By Courtney Reum and Carter Reum
This original essay, by Carter and Courtney, coincides with their new book, "Shortcut Your Startup" published by Simon & Schuster.
Having the right business partner is paramount to your company's success. Especially if your strengths cancel your partner's weaknesses, and vice versa. Your differing skill sets and experiences lead to diversity of thought, which is crucial to your company's success. But there are certain issues that founders must align on early — delaying addressing these issues may not only damage your relationship, but your business too!
Avoiding these problems, however, can be easily accomplished. Here are three conversations to have with your business partner(s) before launching.
Shortcut Your Startup
(Photo courtesy of Courtney and Carter Reum)
Know Your Business Strategy: Are You a Speedboat or a Sailboat?
Business strategies are not all created equal. And not all companies take the same route from point A to point B. Companies usually come in one of two forms: as a speedboat or sailboat. Speedboats are first movers in an industry who sprint to the finish line and who define success by finishing first or second. Lyft is an example.
Then there are sailboats. They head in a general direction, waiting for the surrounding winds to boost them. KeVita, the manufacturer of sparkling probiotic drinks, followed this path by anticipating the popularity of the kombucha trend. Both are extremely effective when used correctly, yet founders often disagree which method is right for them. Taking the time early and discovering which vessel to use — and sticking to it — is essential to your business's success.
Know What You and Your Partners Do Best. Outsource the Rest.
There's a misconception that a great company or great founders must be great at everything. This couldn't be further from the truth! Both you and your co-founders will have very specific skill sets. Rather than trying to reinvent the wheel, you and your partners should stick to your specialties. Then outsource the non-essentials.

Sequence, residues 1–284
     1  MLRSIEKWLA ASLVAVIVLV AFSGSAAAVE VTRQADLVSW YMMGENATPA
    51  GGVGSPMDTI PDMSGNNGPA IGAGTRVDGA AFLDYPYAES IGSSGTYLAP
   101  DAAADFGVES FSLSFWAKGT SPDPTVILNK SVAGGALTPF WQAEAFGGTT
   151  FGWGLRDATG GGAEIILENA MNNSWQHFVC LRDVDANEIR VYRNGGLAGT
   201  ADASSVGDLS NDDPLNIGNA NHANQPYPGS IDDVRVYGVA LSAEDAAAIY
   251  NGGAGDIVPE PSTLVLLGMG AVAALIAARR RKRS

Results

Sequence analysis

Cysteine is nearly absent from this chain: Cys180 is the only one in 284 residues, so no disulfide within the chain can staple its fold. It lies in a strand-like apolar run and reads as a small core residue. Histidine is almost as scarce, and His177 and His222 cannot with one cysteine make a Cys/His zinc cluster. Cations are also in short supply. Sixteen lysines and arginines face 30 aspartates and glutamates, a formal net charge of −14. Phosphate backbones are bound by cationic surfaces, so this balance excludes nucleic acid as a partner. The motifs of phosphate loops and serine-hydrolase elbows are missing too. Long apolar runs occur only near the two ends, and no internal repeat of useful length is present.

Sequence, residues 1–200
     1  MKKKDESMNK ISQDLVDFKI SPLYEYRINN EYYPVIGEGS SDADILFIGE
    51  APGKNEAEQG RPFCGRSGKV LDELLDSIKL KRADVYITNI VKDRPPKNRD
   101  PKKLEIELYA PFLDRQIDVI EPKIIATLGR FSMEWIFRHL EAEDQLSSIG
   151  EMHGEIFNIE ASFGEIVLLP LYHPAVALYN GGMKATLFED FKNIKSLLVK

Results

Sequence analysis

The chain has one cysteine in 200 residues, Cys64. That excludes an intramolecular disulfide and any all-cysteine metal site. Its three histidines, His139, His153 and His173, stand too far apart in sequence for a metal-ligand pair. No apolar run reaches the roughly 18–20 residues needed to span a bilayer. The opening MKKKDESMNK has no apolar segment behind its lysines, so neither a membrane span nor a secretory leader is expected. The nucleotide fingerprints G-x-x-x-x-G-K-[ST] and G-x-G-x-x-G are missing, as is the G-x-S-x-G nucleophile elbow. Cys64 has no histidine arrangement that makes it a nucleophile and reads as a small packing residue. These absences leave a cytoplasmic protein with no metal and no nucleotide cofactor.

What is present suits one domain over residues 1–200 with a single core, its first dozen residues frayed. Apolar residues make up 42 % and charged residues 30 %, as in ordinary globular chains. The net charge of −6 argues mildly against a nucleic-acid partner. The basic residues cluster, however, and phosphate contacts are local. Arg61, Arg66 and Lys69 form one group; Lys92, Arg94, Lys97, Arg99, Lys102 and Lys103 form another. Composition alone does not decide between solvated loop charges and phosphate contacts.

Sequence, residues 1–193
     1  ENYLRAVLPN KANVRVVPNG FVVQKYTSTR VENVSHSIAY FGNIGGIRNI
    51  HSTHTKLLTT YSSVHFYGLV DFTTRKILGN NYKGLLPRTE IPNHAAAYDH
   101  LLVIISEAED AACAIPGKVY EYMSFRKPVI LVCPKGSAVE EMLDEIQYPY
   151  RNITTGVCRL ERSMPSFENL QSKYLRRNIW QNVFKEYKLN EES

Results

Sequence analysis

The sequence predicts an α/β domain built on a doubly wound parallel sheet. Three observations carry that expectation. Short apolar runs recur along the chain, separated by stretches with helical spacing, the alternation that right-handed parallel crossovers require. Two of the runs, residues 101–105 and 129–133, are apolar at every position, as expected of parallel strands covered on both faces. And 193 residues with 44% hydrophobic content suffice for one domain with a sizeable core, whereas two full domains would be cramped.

Surf Air, the provider of unlimited flights for a fixed fee, leveraged this model. Originally buying and maintaining its own fleet, Surf Air sold the planes and partnered with a third-party operator who manages them. This allowed Surf Air to stay lean and focus on its core management and marketing strengths. A quicker and more efficient workflow was the end result. Founding teams must incorporate this mindset before launching — it'll be too late if you wait.
Know What Success Looks Like.
All too often, founders are so busy building their ideas that they ignore a fundamental question: What does success look like for your business? You might think the goal is "to make money" or "be successful," but those aren't quantifiable results. Is the goal to build for sustainable cash flow? Or for an IPO or acquisition? Are you trying to exit in 5 years or 50? Every entrepreneur needs to address these questions with fellow co-founders.
Don't be surprised if answers differ among co-founders — this isn't inherently a problem. But you need to find some common ground as your company develops a long-term strategy. Without an established barometer of success, the odds increasingly stack against your favor.
With that said, it's no secret that starting a business is demanding, and you and your partners are in for a challenge. But adhering to the three tips just might give you that edge. Now get to work!
Courtney Reum and his brother Carter are former Goldman Sachs investment bankers, entrepreneurs, operators, and investors. Courtney and Carter currently live in Los Angeles, where they run day-to-day operations at M13, a 21st-century investing platform that seeks to affect outcomes for founders, partners, and investors by institutionalizing the process of scaling consumer-centric brands.
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